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Are national parks being trashed to protest government shutdown?

 
 
Reply Wed 2 Jan, 2019 01:48 pm
Hostage-taking is one way of getting your demands met. So if you want to get the federal government back open, why not take national parks hostage by trashing them?

National parks and monuments are probably the most beloved aspect of the federal government. Many people dislike many aspects of the government, but who doesn't love national parks and monuments?

The people trashing them, apparently. But once the trash gets picked up and all the overflowing feces composts away, the parks will regain their natural beauty. So, knowing that, what would stop government-shutdown opponents from trashing them to garner public support for ending the shutdown?

Some people probably don't mind the tactic of hostage-taking. They might see it as a legitimate method for stimulating fiscal transfers that are overdue anyway. Others dislike it as a tactic, whether it involves people or land or whatever. So the question is how to respond to this national park abuse during shutdowns, if you're against them being used as hostages.

Should they be put under an independent managerial authority immune from government shutdowns? What about placing cameras along roads into the parks and billing people who drive into the parks during a shutdown? Of course you would have to wait until the government re-opens to review the camera footage and process the billing, but the threat would deter people from trashing the parks.
 
maxdancona
 
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Reply Wed 2 Jan, 2019 02:22 pm
@livinglava,
Quote:
What would stop government-shutdown opponents from trashing them to garner public support for ending the shutdown?


This is funny. Exactly who do you mean by "government-shutdown opponents"?

Are there any government shutdown supporters? Don't we all want to get the federal government back open?

livinglava
 
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Reply Wed 2 Jan, 2019 07:48 pm
@maxdancona,
maxdancona wrote:

Quote:
What would stop government-shutdown opponents from trashing them to garner public support for ending the shutdown?


This is funny. Exactly who do you mean by "government-shutdown opponents"?

Are there any government shutdown supporters? Don't we all want to get the federal government back open?

I guess not enough to fund the wall.
maxdancona
 
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Reply Wed 2 Jan, 2019 07:54 pm
@livinglava,
I thought the Mexicans were going to fund the wall. I am sure that shutting the US government down is going to convince them to come up with the money.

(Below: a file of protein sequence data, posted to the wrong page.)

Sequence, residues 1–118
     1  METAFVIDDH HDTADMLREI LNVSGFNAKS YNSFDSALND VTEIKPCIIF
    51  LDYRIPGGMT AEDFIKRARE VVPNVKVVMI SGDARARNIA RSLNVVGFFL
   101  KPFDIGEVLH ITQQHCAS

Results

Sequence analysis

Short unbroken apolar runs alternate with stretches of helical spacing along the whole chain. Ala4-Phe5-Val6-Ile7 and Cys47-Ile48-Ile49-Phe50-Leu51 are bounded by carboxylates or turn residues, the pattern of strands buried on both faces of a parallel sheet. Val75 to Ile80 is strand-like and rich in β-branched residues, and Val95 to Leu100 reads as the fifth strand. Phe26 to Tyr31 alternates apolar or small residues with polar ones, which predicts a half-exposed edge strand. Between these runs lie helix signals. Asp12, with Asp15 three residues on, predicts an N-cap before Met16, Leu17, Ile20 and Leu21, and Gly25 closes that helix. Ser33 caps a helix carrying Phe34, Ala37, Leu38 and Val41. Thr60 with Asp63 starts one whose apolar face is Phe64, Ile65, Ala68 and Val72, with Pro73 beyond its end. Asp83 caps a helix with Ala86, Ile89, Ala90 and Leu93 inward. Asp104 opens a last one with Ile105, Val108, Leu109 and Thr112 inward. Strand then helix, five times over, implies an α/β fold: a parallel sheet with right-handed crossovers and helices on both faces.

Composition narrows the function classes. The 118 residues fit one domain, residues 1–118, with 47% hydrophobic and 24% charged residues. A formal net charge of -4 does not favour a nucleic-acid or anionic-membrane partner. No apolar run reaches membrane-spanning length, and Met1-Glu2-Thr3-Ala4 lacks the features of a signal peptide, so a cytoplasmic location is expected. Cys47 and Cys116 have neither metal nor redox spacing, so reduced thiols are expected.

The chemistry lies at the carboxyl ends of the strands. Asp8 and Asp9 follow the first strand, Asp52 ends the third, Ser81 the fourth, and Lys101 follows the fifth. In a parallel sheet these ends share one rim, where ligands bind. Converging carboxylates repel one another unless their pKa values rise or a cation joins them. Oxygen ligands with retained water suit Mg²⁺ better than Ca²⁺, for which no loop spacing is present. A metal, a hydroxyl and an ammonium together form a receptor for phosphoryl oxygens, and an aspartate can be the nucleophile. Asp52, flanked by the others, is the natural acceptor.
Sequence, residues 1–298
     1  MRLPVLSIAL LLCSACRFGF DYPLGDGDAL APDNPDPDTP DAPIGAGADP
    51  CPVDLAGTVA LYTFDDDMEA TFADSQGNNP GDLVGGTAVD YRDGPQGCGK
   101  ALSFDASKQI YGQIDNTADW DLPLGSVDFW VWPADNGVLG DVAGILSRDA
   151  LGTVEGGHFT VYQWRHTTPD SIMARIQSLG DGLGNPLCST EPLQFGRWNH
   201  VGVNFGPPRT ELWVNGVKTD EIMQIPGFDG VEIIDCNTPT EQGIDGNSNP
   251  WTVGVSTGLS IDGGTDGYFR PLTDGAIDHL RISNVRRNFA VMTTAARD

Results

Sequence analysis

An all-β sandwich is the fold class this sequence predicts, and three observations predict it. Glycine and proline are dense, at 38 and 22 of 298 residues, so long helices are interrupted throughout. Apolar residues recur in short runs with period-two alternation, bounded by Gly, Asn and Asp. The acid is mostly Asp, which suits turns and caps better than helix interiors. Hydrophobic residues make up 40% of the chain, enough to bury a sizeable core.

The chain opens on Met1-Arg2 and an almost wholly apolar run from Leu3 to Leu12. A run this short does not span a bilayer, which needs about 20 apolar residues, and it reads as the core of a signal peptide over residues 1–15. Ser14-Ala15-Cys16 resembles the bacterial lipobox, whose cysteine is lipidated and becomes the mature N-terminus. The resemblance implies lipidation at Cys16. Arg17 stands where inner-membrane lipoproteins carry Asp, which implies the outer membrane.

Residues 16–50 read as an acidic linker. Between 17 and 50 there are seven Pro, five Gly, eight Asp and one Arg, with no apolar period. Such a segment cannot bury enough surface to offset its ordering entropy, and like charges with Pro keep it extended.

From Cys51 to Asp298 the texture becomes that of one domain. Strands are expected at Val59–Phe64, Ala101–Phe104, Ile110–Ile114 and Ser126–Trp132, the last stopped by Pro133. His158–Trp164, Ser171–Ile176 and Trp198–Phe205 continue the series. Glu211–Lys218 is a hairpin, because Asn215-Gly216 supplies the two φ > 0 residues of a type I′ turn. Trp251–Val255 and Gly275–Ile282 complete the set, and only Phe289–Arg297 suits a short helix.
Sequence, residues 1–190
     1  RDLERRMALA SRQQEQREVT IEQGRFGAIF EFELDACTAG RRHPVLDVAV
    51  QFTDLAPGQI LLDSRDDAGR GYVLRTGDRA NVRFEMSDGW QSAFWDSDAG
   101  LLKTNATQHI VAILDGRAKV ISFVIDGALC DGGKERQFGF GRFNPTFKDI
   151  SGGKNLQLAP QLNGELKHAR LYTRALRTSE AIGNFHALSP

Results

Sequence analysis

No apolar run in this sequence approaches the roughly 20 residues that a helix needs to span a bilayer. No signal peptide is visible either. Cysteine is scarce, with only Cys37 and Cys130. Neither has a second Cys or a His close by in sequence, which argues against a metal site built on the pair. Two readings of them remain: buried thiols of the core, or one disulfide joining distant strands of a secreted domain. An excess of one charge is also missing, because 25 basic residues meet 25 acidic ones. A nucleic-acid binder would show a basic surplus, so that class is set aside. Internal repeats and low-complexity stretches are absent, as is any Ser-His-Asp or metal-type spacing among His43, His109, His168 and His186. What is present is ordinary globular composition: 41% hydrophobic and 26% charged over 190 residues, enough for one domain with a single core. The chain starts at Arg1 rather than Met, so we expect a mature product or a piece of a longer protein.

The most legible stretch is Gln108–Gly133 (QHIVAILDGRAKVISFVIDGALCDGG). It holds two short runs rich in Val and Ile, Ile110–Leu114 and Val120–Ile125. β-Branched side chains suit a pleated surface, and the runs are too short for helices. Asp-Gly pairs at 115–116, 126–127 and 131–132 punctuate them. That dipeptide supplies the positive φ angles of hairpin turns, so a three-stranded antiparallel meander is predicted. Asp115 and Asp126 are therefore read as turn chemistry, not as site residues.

roger
 
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Reply Wed 2 Jan, 2019 07:59 pm
@livinglava,
Aha! Fund the wall and the government is open, again. Sounds like extortion.
roger
 
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Reply Wed 2 Jan, 2019 08:00 pm
@maxdancona,
Sarcasm noted.
0 Replies
 
livinglava
 
  -1  
Reply Wed 2 Jan, 2019 08:11 pm
@roger,
roger wrote:

Aha! Fund the wall and the government is open, again. Sounds like extortion.

I think it's just a demand to shift the blame for not re-opening the government to the Democrats. Otherwise they would be the ones demanding spending and blaming the GOP for obstructing the spending bill.

I'm actually surprised the Democrats don't want the wall. They like fiscal stimulus projects and they like keeping nations separate, so why do they dislike the wall thing?

Imo, it's only because it creates a monument to national borders that will instigate protest for decades once built. It will be like the Berlin Wall, hated, and eventually demolished. Democrats don't want nationalism to be that overt and thus subject to resistance.
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bunnyhabit
 
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Reply Wed 2 Jan, 2019 10:39 pm
Under federal law, national parks are required to protect the resources they've been entrusted with. one could make the argument that the federal government's decision to "soft close" some parks violates the law. Without rangers patrolling, Native American artifacts, wildlife and even wild ginseng is at risk from vandalism. since toilet are closed parks reek of urine. god bless any female chastity being alone in a park.
Trump has proven usa is dictatorship not democracy.
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maporsche
 
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Reply Thu 3 Jan, 2019 09:21 am
I was at the Boundary Waters National Park in Minnesota over New Years day and as of then, everything in the park looked clean and taken care of. Although it was inconvenient that the park was closed, there weren't any gates or anything to keep anyone out.
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